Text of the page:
A self-explainatory sign on the Green Bay prison’s outer wall. (Photo | Isiah Holmes)
A new report by the Sentencing Project is casting a damning light on Wisconsin’s incarceration of Black and brown people. The report, drawing on data from the U.S. Census Bureau and the U.S. Bureau of Justice Statistics, found that one out of every 36 Black Wisconsin adults is incarcerated within a state prison — giving the state the highest incarceration rate of African Americans in the country.
To put that into perspective, the national rate of incarceration for Black American adults is one in every 81. Wisconsin is also one of just seven states that maintains an incarceration disparity between white and Black residents that is higher than nine to one. In Wisconsin, African Americans make up just 6% of the state population with nearly 70% of the Black population residing in Milwaukee County. The City of Milwaukee remains one of the most segregated American cities, where life expectancy also can vary by up to 12 years depending on which zip code you’re born into. Systemic racism itself was declared a public health emergency in Milwaukee County in 2019.
Wisconsin’s Black incarceration rate of one out of every 36 stands out even when compared to states with similar rates. Second-place Oklahoma came in significantly lower, with a rate of one out of every 42. Oklahoma’s Black incarceration rate tied with Idaho. Those two second-place states were followed by Montana in third place at one incarcerated Black resident for every 44, according to the report. Then came Arizona, with a Black incarceration rate of one out of every 48.
In Wisconsin, 42% of the state prison population in 2019 was African Americans. Latino residents made up 8% of the prison population, despite being just 7% of the state’s overall population. New Mexico leads the nation in Latino incarceration, with a rate of 60% in state prisons. The report identified three key recommendations to help combat these high rates. The number one recommendation was to abolish mandatory sentences for all crimes.
“Mandatory minimum sentences, habitual offender laws, and mandatory transfer of juveniles to the adult criminal system give prosecutors too much authority while limiting the discretion of impartial judges,” the report states. “These policies contributed to a substantial increase in sentence length and time served in prison, disproportionately imposing unduly harsh sentences on Black and Latinx individuals.”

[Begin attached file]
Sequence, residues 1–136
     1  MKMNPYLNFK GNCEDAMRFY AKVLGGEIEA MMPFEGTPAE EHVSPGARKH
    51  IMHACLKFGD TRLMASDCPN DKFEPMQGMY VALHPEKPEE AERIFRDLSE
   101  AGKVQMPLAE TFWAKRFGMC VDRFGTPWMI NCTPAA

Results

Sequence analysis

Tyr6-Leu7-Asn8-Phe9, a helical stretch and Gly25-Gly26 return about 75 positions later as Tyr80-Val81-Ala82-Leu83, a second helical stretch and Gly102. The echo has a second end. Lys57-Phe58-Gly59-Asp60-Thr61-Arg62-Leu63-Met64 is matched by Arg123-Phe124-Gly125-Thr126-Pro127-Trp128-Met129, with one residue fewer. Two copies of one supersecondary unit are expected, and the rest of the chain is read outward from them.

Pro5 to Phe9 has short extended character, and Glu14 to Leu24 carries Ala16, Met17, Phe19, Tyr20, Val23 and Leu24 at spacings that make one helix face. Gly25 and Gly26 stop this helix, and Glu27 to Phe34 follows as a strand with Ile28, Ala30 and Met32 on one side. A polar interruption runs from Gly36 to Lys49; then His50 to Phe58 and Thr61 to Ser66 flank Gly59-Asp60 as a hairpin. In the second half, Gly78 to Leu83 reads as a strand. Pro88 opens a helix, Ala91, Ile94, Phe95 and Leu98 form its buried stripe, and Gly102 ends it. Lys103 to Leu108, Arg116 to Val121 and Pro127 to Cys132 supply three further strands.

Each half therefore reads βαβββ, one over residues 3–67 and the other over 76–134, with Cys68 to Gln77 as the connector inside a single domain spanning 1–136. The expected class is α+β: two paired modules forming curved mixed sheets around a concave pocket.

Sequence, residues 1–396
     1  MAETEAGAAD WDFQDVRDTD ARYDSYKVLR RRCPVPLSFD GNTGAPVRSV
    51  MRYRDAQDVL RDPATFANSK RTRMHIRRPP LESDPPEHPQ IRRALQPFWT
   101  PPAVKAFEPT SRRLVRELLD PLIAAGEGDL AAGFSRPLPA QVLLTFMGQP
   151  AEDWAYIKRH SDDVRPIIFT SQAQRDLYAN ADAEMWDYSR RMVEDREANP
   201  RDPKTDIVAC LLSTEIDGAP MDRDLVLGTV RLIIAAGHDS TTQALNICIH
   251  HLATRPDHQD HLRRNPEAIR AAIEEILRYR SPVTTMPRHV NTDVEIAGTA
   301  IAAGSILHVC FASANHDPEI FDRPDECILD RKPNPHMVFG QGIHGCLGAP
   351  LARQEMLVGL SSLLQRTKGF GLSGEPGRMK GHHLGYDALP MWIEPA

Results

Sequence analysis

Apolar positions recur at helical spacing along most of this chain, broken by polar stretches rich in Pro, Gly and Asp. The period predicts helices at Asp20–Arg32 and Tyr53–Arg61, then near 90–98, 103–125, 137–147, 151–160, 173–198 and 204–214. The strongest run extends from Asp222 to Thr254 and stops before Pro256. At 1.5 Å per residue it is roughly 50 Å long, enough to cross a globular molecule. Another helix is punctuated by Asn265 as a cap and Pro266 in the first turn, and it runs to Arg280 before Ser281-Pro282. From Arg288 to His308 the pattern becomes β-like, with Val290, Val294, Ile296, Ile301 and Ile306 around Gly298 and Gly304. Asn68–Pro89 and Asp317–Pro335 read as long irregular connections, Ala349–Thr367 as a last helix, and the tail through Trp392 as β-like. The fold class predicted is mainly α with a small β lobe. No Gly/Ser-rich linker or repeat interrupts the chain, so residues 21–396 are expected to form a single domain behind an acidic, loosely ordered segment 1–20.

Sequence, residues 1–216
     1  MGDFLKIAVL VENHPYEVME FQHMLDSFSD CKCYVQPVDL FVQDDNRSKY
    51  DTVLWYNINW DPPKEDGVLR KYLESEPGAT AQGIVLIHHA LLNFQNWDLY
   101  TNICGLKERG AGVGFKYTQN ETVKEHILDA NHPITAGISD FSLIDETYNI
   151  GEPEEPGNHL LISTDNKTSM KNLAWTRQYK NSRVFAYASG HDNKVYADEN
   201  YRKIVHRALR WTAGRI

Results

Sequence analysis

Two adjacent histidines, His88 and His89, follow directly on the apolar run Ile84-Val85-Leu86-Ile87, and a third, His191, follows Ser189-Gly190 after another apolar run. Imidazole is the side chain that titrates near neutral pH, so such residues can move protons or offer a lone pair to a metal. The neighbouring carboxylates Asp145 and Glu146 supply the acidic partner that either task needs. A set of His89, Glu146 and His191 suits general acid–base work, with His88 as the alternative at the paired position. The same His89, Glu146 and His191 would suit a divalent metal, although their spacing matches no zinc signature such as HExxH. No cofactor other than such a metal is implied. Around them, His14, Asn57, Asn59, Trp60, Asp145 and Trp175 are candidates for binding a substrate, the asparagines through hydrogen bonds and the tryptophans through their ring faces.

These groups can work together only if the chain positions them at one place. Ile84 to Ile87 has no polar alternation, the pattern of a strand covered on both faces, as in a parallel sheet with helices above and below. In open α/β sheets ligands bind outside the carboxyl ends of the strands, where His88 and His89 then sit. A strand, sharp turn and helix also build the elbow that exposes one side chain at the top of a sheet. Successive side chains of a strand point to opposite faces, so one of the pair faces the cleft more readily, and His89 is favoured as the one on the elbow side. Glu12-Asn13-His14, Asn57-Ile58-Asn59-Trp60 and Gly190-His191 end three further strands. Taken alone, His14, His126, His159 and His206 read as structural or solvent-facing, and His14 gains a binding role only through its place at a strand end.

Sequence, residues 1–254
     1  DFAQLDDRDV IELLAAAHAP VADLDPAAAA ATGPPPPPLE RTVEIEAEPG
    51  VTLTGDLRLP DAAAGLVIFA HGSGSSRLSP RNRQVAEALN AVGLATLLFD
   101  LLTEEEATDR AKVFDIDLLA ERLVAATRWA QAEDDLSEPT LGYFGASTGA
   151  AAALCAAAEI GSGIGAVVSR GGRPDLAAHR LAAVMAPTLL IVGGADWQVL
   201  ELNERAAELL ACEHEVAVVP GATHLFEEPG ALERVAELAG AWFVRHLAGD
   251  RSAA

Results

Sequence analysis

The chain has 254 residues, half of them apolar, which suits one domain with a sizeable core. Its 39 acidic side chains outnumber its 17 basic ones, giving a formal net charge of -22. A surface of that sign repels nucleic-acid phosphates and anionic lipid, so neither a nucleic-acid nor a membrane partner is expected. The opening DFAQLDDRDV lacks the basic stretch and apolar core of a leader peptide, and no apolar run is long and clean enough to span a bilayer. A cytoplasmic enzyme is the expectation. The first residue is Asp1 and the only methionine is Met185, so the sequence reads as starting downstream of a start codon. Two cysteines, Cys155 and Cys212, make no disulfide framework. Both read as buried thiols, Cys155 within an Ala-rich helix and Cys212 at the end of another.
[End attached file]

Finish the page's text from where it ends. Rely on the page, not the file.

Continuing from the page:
Next, the report presses the importance of what it describes as “prospective and retroactive racial impact statements for all criminal statutes.” It explains that, “the Sentencing Project urges states to adopt forecasting estimates that will calculate the impact of proposed crime legislation on different populations in order to minimize or eliminate the racially disparate impacts of certain laws and policies.”
The report points out that several states have passed racial impact statement laws. “To undo the racial and ethnic disparity resulting from decades of tough-on-crime policies, however, states should also repeal existing racially biased laws and policies. The impact of racial impact laws will be modest at best if they remain only forward looking.” Lastly the report takes a shot at the drug war by stressing the need to decriminalize low-level drug offenses. It notes that, “these convictions generally drive further and deeper involvement in the criminal legal system.”
Advocates have focused both on antiquated criminal justice policies in Wisconsin and its disproportionately Black and brown prison population in recent years. Activists pushing for the downsizing, closure or abolition of prisons in Wisconsin have repeatedly called attention to Wisconsin’s numerous over-crowded, decades-old facilities. Efforts to slow down the drug war in Wisconsin, particularly against cannabis, have had mixed results. Although some municipalities have either reduced penalties for cannabis or decriminalized it, state Republicans wouldn’t entertain legalization. Recently, bills have been introduced to increase existing felony penalties for some cannabis products.
“There is not enough attention paid or action required to end the chronic racial disparities that pervade state prisons,” states the Sentencing Project report. “If we continue to ignore or tolerate these disparities, the United States is unlikely to achieve the serious, sustainable reforms that are needed to end mass incarceration. Overall, the pace of criminal justice reform has been too slow as well as too modest in its goals.”
“Accelerated reforms that deliberately incorporate the goal of racial justice will lead to a system that is both much smaller and fairer,” the report concludes.
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